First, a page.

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Eppendorf and Science Prize

The Grid Map in the Brain

Marianne Hafting Fyhn

Most of the time we are not aware of it, but the brain constantly keeps track of where we are. In order to get through our daily lives, we depend upon the brain's ability to keep track of position, direction, and distance. The neural mechanisms underlying such spatial navigation have long been an area of intense study and lively debate in neuroscience. A milestone was achieved when O'Keefe and Dostrovsky (1) discovered that neurons in the dorsal hippocampus were active only when the test animal (a rat) was in a specific place. Such "place cells" have been the subject of more than 30 years of research pointing to the hippocampus as a key component of the brain's circuit for spatial computations (2). However, a growing number of studies have shown that place cells are influenced both by changes in the environment and by previous experiment (3-9), and thus these cells do not code solely for location. Furthermore, disconnecting the hippocampal subareas suggested that the origin of the spatial code was not in the hippocampus, but rather in some of the input areas (10). A likely candidate was the entorhinal cortex, which is situated only one synapse upstream of the hippocampus and receives sensory information of all modalities (11). Previous studies found only weak spatial modulation of entorhinal neurons (12, 13), but these recordings were not from the region of entorhinal cortex where spatial computations are most likely to occur. The entorhinal cortex shows a modular organization in which the dorsocaudal part of medial entorhinal cortex (MEC) receives most of the visual and spatial information and in turn projects to the dorsal hippocampus (14) where the sharp and distinct place fields are found. To test the hypothesis that spatial calculations are performed upstream of the hippocampus, I recorded extracellular spike activity of single neurons from the entire dorsoventral axis of MEC in free-roaming rats chasing biscuit crumbs in a 1 m by 1 m enclosure (15).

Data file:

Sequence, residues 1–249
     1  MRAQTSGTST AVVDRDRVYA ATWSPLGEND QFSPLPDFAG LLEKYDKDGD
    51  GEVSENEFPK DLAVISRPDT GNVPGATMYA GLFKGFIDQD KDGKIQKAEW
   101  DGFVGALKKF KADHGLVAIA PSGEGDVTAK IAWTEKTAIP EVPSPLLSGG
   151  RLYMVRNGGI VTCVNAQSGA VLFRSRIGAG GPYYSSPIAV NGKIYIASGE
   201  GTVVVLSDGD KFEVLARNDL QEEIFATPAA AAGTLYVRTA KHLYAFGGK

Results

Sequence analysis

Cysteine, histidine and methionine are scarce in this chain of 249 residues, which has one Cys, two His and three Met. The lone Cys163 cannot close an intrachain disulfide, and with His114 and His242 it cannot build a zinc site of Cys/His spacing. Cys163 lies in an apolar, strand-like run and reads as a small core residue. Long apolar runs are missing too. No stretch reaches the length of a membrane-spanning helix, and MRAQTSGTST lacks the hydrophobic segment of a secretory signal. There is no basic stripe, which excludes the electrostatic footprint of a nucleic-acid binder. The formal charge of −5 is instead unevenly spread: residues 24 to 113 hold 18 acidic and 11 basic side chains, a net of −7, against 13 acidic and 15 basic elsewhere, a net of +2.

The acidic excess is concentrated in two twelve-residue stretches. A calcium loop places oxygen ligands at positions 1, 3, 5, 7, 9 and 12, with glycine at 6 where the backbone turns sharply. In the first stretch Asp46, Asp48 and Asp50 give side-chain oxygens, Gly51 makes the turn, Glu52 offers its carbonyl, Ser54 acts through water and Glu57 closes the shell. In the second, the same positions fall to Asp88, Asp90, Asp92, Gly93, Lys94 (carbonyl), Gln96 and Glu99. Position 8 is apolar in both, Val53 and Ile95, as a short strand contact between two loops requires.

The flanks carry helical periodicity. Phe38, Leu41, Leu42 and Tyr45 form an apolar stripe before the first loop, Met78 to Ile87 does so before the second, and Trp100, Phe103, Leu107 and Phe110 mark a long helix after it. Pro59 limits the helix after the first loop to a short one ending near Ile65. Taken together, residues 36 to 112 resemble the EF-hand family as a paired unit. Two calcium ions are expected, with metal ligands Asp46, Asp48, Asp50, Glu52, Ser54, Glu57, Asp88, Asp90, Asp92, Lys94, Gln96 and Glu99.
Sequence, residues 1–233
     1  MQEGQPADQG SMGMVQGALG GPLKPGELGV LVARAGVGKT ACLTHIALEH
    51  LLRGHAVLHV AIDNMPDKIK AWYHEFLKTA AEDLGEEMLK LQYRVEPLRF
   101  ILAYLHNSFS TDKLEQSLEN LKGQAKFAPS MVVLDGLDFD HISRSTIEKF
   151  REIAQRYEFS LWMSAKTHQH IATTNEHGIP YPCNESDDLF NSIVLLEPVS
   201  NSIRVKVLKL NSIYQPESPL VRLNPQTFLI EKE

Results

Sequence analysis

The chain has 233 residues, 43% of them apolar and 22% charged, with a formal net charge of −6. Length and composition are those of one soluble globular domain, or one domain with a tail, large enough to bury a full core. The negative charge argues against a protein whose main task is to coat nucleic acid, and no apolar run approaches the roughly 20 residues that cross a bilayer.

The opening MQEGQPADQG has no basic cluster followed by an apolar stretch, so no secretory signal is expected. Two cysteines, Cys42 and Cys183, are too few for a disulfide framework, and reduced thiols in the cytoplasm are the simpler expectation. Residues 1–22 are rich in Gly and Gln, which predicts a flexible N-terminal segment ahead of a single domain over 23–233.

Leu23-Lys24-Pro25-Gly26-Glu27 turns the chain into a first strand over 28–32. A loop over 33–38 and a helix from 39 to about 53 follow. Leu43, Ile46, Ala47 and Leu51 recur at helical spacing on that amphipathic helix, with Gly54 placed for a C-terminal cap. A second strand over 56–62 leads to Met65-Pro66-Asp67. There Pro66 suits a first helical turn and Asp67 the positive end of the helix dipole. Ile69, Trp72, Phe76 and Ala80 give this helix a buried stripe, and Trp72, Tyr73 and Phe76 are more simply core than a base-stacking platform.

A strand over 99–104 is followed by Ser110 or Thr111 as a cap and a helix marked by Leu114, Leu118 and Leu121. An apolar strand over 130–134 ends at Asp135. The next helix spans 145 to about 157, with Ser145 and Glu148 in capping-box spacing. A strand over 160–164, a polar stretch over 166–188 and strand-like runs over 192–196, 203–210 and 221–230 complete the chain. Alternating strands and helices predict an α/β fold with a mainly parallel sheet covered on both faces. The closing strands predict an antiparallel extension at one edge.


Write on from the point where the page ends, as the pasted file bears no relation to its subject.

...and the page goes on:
We found strong spatial modulation of neurons in dorsal MEC and weaker spatial modulation more ventrally, corresponding to the anatomical modular organization of MEC (16). The dorsocaudal neurons had multiple firing fields, and the spacing was highly regular. Therefore, to capture any regularity in the spatial firing structure, we doubled the size of the recording arena. The firing fields of each cell portrayed a remarkable hexagonal pattern of regular triangles covering the entirety of the animal's environment (see the figure) (17). We termed them "grid cells." The pattern resembled the cross-points of a sheet of graph paper rolled out over the surface of the test arena, but with equilateral triangles rather than squares as the repeating unit. Such a pattern of symmetric receptive fields could not result from external sensory input alone but must also be due to pattern generation within the brain itself. Furthermore, the activity of eight grid cells was enough to reconstruct the running path of the rat. In repeated exposures to the same environment, the grid cells fired at the identical positions, suggesting that grid cells constitute a stable map of the environment and that they are part of a neuronal coordinate system for spatial navigation. In contrast to the hippocampal map, the grid map was activated in a stereotypic manner across environments, regardless of the environment's particular landmarks, suggesting that the same neural map was applied everywhere. However, the grid seems to be driven by self-motion cues because it forms instantaneously in a novel environment and is not perturbed by removal of visual cues. Because of its gridlike nature, the grid map is potentially infinite and may represent places not visited as well as places that have been visited. The existence of a single neural map that can be applied anywhere is efficient and avoids the capacity problem of having separate maps for every spatial context.